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Success! Daudi from Tanzania raised $1,160 for treatment to correct his gait.

  • $1,160 raised, $0 to go
to go
Fully funded
Daudi's treatment was fully funded on April 7, 2016.

Photo of Daudi post-operation

May 6, 2016

Daudi began treatment to correct his gait.

“Daudi is doing well,” his medical team shares. “He has started the initial treatment to correct bilateral clubfoot. Manipulation and casting is done once every week and he still has a few more weeks of that before a small surgery is done followed by the use of foot abduction braces. Complete treatment will prevent Daudi from using the lateral aspect of his feet for walking and that will reduce the risk of him developing osteoarthritis at a young age.”

“I am very grateful for the big financial support. I can already see some changes on my son’s feet and I trust that with time he will have the ability to walk properly. Thank you!” says Daudi’s mother.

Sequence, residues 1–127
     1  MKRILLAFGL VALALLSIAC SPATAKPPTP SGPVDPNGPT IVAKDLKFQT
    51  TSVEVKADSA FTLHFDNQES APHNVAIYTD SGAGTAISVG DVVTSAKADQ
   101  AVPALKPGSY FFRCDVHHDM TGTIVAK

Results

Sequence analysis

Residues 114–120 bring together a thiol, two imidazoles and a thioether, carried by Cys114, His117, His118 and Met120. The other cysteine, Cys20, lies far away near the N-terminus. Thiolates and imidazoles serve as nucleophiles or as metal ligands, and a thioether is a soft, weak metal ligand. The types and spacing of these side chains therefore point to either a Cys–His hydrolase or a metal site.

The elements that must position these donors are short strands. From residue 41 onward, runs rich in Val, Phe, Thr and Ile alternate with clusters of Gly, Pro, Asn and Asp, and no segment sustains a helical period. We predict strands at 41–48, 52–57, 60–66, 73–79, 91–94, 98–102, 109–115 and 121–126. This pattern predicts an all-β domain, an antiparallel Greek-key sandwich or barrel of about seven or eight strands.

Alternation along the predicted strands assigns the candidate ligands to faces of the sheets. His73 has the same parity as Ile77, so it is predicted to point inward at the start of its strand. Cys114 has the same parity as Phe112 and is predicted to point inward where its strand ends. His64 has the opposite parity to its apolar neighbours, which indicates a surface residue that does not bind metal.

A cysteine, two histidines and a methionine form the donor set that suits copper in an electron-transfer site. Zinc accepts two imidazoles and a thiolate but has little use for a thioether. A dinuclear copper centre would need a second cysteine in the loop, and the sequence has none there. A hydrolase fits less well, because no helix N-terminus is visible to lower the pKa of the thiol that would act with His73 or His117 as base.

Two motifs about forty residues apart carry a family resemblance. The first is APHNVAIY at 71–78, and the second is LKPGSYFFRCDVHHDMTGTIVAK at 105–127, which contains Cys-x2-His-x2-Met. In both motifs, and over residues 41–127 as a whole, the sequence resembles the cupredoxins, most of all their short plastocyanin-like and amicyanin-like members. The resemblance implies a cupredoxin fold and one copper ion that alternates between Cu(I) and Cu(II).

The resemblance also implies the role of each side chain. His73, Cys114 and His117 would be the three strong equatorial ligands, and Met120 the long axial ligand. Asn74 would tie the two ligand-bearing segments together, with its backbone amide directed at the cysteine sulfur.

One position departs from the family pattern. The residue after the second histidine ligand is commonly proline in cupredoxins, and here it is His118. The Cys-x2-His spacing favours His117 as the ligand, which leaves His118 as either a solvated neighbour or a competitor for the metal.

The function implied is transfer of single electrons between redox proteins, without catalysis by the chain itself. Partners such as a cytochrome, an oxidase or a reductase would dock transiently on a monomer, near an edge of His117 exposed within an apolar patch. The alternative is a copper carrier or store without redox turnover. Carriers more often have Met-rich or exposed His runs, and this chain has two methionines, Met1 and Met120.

"Daudi is doing well," his medical team shares. "He has started the initial treatment to correct bilateral clubfoot. Manipulation and castin...

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March 17, 2016

“Daudi has congenital deformity of both feet (clubfeet),” our medical partner, African Mission Healthcare Foundation (AMHF), tells us. Daudi is a 2-month-old baby boy from Tanzania. “Apart from the deformity of his feet, Daudi is healthy, happy, and feeds well.”

Clubfoot occurs when the tendons connecting the leg muscle to the foot bones are short and tight, causing the foot to twist inward. If left untreated, it will force Daudi to walk with the lateral aspect of his feet, which will affect his gait and cause him pain.

Daudi will undergo a four-month process to gently stretch and manipulate the foot into the correct position, which will be held by casts in between sessions. The initial treatment of clubfoot is non-surgical.